|Publication number||US4523610 A|
|Application number||US 06/643,098|
|Publication date||Jun 18, 1985|
|Filing date||Aug 22, 1984|
|Priority date||May 24, 1982|
|Publication number||06643098, 643098, US 4523610 A, US 4523610A, US-A-4523610, US4523610 A, US4523610A|
|Inventors||Mario M. V. Orrico|
|Original Assignee||Honeywell Inc.|
|Export Citation||BiBTeX, EndNote, RefMan|
|Patent Citations (11), Non-Patent Citations (2), Referenced by (14), Classifications (10), Legal Events (3)|
|External Links: USPTO, USPTO Assignment, Espacenet|
This application is a continuation of application Ser. No. 380,967 filed May 24, 1982, now abandoned.
The present invention relates to a check valve which is capable of checking low reverse flows and, more particularly, to a check valve comprised of a membrane which is thin enough to react to low flows and which is made of a material which is not materially affected by static charge.
Check valves have long been known in the prior art. These check valves, which are analogous to a diode in an electronic setting, are used to allow fluid flow in only one direction. Thus, any reversal of the fluid flow in the undesired direction results in stoppage or checking of the flow.
Typical prior art check valves which use a disc which opens for flow in a first direction but which closes up against the housing for flow in the reverse direction have not been able to respond to low flows and pressure differentials in either direction. In the forward direction, they require a large flow and/or pressure differential in order to produce a useful output. When air flow reverses, prior art check valves will not close off until a larger than necessary pressure differential is attained. Until closed off, therefore, reverse flow will be permitted. Thus, many of these prior art check valves require nearly an inch of water pressure or more across the disc in the reverse direction for checking flow. The present invention, however, requires as little as 0.001 inches of water differential pressure across the membrane in order to check flow in the reverse direction.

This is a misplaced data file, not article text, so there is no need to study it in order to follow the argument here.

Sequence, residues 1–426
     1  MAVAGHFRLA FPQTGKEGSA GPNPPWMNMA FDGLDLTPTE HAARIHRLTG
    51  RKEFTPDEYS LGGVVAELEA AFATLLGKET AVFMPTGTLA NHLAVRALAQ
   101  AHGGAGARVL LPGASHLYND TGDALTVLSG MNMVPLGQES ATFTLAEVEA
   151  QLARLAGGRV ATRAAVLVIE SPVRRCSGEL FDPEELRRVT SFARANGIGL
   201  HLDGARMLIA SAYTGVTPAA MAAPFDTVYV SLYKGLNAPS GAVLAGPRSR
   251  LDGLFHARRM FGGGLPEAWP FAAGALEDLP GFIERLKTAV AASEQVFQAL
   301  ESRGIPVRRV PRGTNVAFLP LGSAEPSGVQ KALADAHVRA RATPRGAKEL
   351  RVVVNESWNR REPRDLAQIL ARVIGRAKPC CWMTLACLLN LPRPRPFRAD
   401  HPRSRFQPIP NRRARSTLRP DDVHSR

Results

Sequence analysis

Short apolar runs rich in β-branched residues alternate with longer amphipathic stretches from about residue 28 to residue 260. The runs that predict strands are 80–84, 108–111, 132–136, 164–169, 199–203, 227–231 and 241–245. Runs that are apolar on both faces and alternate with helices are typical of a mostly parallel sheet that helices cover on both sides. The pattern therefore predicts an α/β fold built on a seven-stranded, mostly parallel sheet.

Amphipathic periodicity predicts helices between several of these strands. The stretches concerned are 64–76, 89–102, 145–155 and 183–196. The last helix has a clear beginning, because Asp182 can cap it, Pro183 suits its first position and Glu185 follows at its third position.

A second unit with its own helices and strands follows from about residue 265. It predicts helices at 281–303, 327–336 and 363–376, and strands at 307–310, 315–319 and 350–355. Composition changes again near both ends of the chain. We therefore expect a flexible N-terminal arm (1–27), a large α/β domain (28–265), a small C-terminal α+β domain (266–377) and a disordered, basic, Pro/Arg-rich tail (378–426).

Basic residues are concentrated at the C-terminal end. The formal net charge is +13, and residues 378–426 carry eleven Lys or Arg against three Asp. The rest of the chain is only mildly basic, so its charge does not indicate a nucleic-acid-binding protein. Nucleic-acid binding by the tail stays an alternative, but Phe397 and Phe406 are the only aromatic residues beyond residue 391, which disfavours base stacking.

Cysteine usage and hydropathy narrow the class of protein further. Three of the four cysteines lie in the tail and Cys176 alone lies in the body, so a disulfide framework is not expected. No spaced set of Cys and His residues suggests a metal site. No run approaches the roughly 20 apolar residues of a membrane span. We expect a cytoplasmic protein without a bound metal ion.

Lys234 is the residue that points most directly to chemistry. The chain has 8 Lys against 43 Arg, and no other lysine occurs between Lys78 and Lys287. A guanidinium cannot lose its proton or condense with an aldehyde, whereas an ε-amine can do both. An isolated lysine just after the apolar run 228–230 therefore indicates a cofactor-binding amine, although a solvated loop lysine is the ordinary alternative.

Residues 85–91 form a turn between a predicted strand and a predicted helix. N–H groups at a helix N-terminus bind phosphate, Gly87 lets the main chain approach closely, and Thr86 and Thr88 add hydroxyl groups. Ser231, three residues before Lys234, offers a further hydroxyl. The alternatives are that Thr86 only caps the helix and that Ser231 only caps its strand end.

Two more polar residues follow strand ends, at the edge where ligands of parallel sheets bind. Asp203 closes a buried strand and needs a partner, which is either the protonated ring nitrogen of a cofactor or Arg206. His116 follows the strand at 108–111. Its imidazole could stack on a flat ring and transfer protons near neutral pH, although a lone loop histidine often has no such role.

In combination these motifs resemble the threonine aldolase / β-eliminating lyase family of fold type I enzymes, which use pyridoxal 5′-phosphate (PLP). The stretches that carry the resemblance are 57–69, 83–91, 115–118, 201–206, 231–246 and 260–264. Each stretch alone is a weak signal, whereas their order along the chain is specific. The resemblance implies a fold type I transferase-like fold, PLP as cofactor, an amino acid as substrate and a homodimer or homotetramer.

Thus, the present invention comprises a housing having first and second sides, the first side having an opening and the second side having an inner portion and an outer portion with opening means within said inner portion, and a thin membrane held within the housing and having an inner portion corresponding to the inner portion of the second side of the housing and an outer portion corresponding with the outer portion of the second side of the housing and having holes within the outer portion of the membrane such that, for air flows from the first side of the housing to the second side, the inner portion of the membrane will cover the opening means of the second side of the housing to check flow through the housing and, for air flows from the second side of the housing to the first side, the inner portion of the membrane will be pushed away from the opening means of the housing for allowing fluid to flow through the opening means of the housing, through the holes of the membrane, and then through the opening of the first side.
These and other features and advantages will become more apparent from a detailed consideration of the invention when taken in conjunction with the drawings in which:
FIG. 1 is a cross sectional view of the check valve according to the present invention;
FIG. 2 shows a frontal view of the cover 12 which forms the second side of the housing shown in FIG. 1; and,
FIG. 3 shows a frontal view of the membrane 13 located within the housing shown in FIG. 1.
In FIG. 1, check valve 10 is comprised of a housing having a first side or cup 11 with an opening 16 therein for permitting fluid communication between the interior of check valve 10 and the exterior. Fitted over first side or cup 11 and held thereto by means not shown is a cover or second side 12 which is shown in more detail in FIG. 2.
Second side 12 has an outer portion 17 which is solid and an inner portion 14 which has a plurality of openings therein. These openings permit communication between the interior of check valve 10 and the exterior of the valve.